North Carolina’s Lt. Gov. Mark Robinson, under fire for making derogatory comments about LGBTQ people, says he won’t be resigning — and Republicans in the General Assembly are standing behind him.
In a survey this week from The Charlotte Observer, some Democrats said they think Robinson should resign from office but not one Republican who responded agreed.
Party unity isn’t surprising, but support of anti-LGBTQ rhetoric appears to conflict with a notable shift in public opinion about gay and transgender rights in recent years. Even among Republicans, support for gay and transgender people are more widespread than ever.
But even with strong support for many LGBTQ issues among most Republican voters, the political risk-and-reward calculus may still lend itself to comments like Robinson’s — or, at the least, does not encourage Republicans to condemn them.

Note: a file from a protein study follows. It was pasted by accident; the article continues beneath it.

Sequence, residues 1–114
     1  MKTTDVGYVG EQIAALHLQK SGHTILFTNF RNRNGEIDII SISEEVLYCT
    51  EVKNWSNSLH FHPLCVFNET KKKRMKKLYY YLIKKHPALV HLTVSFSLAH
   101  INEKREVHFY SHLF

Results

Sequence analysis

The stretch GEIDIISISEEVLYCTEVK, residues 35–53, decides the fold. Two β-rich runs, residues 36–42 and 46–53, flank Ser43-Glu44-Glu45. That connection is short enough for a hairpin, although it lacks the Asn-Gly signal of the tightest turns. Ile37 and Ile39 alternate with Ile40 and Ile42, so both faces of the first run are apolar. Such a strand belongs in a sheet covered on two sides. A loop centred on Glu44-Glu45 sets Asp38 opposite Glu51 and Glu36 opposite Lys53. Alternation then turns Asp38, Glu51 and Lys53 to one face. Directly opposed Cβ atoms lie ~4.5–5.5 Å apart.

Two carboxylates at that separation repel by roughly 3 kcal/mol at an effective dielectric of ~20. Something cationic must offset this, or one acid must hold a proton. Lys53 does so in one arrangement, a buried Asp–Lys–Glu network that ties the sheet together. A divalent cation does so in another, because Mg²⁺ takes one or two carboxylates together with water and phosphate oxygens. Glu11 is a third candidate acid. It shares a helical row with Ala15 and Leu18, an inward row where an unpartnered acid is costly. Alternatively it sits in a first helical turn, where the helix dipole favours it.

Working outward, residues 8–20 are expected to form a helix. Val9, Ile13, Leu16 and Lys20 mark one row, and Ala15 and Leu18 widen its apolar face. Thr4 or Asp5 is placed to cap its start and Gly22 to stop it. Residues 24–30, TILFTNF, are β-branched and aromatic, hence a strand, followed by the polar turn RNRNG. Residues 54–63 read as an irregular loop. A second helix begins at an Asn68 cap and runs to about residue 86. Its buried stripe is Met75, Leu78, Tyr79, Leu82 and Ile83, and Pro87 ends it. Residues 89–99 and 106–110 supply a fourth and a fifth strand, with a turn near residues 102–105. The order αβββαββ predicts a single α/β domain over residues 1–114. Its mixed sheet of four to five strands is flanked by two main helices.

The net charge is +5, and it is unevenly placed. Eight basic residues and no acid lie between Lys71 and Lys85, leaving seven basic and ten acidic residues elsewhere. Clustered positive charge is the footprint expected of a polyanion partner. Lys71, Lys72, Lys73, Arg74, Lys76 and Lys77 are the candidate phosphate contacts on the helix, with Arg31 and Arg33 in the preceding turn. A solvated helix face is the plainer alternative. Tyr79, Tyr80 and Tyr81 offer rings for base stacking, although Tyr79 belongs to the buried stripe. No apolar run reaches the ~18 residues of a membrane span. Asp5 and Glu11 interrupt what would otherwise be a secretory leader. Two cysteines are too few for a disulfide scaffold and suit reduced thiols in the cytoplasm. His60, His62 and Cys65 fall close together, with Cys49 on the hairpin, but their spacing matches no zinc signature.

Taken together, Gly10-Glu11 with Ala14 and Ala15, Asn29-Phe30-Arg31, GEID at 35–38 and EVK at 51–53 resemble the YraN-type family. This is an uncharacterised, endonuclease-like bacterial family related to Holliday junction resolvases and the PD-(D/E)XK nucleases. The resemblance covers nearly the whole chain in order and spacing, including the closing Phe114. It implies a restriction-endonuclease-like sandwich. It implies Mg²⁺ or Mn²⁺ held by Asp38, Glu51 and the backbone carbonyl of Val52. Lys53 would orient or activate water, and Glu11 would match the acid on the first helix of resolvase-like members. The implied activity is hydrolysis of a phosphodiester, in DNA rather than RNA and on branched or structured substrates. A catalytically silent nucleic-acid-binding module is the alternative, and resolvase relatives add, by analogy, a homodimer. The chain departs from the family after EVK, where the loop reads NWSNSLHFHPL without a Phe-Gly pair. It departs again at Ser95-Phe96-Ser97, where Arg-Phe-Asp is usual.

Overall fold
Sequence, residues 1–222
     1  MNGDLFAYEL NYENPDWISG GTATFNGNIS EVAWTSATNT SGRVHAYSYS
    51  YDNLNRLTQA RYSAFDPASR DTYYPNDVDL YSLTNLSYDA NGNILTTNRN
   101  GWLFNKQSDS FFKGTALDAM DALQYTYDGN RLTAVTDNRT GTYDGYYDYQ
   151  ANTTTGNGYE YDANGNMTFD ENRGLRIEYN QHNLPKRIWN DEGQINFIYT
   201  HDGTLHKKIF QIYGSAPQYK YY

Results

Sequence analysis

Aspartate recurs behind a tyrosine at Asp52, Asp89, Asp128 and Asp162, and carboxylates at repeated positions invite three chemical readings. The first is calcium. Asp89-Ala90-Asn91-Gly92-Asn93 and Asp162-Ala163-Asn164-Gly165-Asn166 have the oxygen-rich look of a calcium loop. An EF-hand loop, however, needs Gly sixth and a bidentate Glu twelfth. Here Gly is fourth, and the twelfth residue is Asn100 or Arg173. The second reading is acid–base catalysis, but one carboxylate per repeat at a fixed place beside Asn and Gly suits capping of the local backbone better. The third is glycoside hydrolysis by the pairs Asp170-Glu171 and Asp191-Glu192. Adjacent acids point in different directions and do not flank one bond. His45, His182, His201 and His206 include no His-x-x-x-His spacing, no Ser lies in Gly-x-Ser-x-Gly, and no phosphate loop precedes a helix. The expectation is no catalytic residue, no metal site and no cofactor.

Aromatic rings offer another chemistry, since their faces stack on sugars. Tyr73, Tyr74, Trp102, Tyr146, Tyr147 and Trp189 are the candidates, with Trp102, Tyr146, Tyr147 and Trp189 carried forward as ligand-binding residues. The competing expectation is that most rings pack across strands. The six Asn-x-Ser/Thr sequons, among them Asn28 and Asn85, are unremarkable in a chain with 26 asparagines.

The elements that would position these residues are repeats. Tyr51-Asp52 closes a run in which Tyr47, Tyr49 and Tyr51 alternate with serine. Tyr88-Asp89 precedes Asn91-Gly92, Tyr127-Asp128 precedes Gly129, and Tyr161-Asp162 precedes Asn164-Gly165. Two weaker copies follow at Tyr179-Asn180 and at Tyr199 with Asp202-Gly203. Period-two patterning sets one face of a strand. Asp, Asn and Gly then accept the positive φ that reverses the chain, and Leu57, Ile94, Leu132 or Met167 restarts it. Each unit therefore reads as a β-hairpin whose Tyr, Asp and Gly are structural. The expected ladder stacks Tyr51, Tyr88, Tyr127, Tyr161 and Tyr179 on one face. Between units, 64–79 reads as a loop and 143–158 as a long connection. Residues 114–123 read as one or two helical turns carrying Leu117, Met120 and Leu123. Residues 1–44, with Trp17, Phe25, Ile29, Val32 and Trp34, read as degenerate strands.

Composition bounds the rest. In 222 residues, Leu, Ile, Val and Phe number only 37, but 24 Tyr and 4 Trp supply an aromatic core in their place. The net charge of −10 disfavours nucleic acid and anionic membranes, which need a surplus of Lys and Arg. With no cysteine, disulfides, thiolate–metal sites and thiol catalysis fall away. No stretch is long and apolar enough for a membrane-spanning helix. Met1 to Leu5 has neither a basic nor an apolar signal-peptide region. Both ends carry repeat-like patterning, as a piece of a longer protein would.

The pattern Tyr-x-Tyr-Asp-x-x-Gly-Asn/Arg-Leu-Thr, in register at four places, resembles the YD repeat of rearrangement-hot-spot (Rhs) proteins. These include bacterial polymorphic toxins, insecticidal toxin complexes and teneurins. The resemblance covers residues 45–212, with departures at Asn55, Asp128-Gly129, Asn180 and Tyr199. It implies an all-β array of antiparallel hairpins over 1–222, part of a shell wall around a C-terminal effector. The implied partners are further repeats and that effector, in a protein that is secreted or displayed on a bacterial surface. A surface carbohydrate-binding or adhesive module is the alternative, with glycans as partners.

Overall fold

The Observer emailed every member of the North Carolina General Assembly asking whether Robinson should resign. Of the 170 members, just 35 responded. Of those, 26 (all Democrats) said he should resign, while eight said he should not.
One Democrat, Rep. Charles Graham, who is running for Congress, condemned the language but did not give a clear answer as to whether Robinson should resign.
The responses aligned mostly with party affiliation. One Democrat, Sen. Dan Blue, agreed with Republicans that Robinson’s comments were not enough to warrant a retreat from office.
“Short of committing a crime or violating the oath of office, it is up to the voters to decide whether they want a demagogue serving them,” Leslie Edwards, Blue’s spokeswoman, said in an statement.
“But, as a Christian, he thinks Robinson should ask for forgiveness for the hate in his heart,” she added.
What Robinson said
Recently-released video showed Mr. Robinson telling a crowd in June: “There’s no reason anybody anywhere in America should be telling any child about transgenderism, homosexuality, any of that filth. And yes, I called it filth.”